MAP at 0 min, 1 min and 3 min after laryngoscopy and intubation was statistically significant between two groups of patients (P = 0.0002, <0.001 and 0.04, respectively) [Table 6]. There was a statistically significant difference in the values of MAP both within each group over the time (F ratio with a duration of time = 30.573 with P < 0.001 in the gabapentin group and 52.525 with P < 0.001 in placebo group). F ratio between groups of patients was 3.569 and was not statistically significant. Interaction F ratio calculated between F ratio with duration of time and between groups of patients was also statistically significant (interaction F ratio = 13.55; P < 0.001).
| Discussion|| |
The cardiovascular responses to laryngoscopy and tracheal intubation are well known and linked with increasing catecholamine blood levels. Shribman et al. found that laryngoscopy alone or followed by tracheal intubation increases arterial pressure and catecholamine levels, while intubation significantly increases HR. Our results are consistent with its findings, but we did not measure catecholamine levels.
Several techniques have been proposed to attenuate such responses. Nitroglycerin administered intranasally attenuated the hypertensive response to laryngoscopy and intubation, but tachycardia was observed in both the nitroglycerin and the control group. Furthermore, topical lignocaine spray applied before or after induction of anaesthesia prevented the increase in mean arterial blood pressure but had no effect on the HR. Beta-blockers,, and calcium channel blockers,, have also been used successfully to prevent the haemodynamic responses to tracheal intubation. Drugs with rapid onset and short duration of action similar to the beta-blocker esmolol and the opioid remifentanil are particularly useful for the induction–intubation period. The most recent studies regarding the prevention of haemodynamic changes after laryngoscopy and tracheal intubation investigate the effect of remifentanil, an opioid with very rapid onset and very short time of action. Remifentanil 1 μg/kg followed by 0.5 μg/kg/min attenuated the pressure response to intubation but was associated with bradycardia and/or hypotension. Other workers found that remifentanil 0.5 μg/kg did not prevent hypertension and tachycardia during rapid sequence induction.
When assessing techniques to ameliorate the cardiovascular responses to intubation, the drugs used to induce anaesthesia may influence these results. We induced anaesthesia with thiopentone which would cause some hypotension and tachycardia. However, before giving thiopentone, we also administered midazolam, fentanyl and a defasciculating dose of vecuronium. It is well known that midazolam or vecuronium does not alter the HR on their own, but fentanyl reduces HR and succinylcholine also produces similar effects, i.e., sinus bradycardia. The tachycardia after thiopentone would have been nullified by the fentanyl- and succinylcholine-induced sinus bradycardia. In our patients, we observed an increase in HR which is attributed solely due to laryngoscopy and intubation only, and gabapentin was found to suppress the increase in HR. We counteracted the fall of blood pressure seen after thiopentone due to peripheral vasodilatation with an infusion of crystalloid solution. None of our patients exhibited hypotension after induction, so the attenuation of hypertensive response seen after gabapentin could be solely due to the gabapentin only as this suppression was not seen after placebo.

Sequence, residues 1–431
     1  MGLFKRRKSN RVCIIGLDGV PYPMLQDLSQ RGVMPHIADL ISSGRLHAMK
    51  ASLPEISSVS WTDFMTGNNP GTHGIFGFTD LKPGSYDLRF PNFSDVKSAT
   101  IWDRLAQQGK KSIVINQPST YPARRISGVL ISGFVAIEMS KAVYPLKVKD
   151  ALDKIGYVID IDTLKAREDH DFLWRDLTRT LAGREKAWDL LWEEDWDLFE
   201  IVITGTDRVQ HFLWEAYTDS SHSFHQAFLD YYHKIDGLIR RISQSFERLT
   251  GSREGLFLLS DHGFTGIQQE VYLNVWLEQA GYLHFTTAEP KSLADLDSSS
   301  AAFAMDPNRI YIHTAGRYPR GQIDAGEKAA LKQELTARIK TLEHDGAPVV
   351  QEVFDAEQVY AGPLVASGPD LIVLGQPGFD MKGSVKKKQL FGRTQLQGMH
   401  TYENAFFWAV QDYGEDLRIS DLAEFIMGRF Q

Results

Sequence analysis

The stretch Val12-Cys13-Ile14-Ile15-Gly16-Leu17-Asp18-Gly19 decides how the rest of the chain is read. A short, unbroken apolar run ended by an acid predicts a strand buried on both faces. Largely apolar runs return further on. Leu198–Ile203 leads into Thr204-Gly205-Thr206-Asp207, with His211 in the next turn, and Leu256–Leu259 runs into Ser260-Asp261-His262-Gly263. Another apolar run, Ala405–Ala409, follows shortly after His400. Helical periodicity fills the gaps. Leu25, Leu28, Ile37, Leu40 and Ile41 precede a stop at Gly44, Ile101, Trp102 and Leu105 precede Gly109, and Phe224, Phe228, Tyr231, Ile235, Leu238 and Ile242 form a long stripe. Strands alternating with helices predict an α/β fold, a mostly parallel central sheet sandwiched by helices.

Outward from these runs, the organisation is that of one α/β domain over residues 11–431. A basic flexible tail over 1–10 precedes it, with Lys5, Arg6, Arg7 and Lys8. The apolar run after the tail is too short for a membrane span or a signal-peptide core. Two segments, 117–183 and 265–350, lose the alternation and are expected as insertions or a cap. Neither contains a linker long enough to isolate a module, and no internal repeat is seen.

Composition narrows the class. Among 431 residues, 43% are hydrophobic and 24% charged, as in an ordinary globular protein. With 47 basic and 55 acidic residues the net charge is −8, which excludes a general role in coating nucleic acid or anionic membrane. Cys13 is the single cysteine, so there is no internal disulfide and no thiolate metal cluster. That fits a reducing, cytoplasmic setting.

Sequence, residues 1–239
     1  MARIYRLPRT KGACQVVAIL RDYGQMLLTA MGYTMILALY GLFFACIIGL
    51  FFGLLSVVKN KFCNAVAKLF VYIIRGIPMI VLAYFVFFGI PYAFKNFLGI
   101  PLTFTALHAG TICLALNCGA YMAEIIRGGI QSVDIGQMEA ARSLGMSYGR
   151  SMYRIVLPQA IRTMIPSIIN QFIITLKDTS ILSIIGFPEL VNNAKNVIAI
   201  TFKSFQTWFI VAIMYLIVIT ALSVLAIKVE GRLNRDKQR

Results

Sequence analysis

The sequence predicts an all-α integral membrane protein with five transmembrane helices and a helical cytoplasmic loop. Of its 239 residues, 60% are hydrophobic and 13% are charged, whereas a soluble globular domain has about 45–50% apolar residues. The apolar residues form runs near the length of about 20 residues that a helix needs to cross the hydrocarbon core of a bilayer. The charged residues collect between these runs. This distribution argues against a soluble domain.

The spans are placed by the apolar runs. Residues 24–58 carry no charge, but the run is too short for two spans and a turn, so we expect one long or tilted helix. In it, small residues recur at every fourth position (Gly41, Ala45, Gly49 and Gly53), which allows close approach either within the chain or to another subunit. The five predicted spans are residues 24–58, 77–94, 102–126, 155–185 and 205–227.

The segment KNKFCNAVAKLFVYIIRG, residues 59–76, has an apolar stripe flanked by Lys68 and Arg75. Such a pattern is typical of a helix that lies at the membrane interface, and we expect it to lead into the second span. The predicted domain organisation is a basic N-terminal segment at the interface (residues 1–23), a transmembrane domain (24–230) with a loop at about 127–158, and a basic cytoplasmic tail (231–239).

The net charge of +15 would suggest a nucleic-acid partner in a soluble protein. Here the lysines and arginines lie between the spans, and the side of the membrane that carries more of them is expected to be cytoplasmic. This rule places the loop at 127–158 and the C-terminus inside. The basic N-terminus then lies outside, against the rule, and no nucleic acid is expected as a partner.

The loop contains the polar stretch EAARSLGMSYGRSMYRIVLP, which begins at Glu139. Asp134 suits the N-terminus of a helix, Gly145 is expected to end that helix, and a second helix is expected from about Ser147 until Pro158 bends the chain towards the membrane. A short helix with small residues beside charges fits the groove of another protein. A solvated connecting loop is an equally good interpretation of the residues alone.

Another valuable observation from our study was that patients who were not pre-medicated with gabapentin, i.e.,. the placebo group, showed a statistically significant high values of baseline HR. This shows that gabapentin as a pre-medicant produced stabilization of HR even before any intervention was done.
We pre-medicated our patients with three doses of gabapentin in this study, unlike Fassoulaki et al. who used four doses of gabapentin. Our three doses were administered at 18:00 h, 24:00 h (on the night before surgery) and 06:00 h on the day of surgery. We omitted the 12:00 h (on the day before surgery) dose because of non-availability of theatre lists by this time. Another reason was that we also wanted to see if only three doses of gabapentin are sufficient to produce adequate blood levels which would attenuate the haemodynamic responses. A review of the literature of pharmacology of gabapentin shows that sufficient antiepileptic effect could be achieved even with three doses.